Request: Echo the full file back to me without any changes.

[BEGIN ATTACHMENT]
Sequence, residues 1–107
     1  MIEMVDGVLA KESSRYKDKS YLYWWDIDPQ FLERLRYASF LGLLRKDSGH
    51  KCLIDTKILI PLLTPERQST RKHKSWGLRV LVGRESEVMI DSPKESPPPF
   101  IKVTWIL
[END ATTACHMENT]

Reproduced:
Sequence, residues 1–107
     1  MIEMVDGVLA KESSRYKDKS YLYWWDIDPQ FLERLRYASF LGLLRKDSGH
    51  KCLIDTKILI PLLTPERQST RKHKSWGLRV LVGRESEVMI DSPKESPPPF
   101  IKVTWIL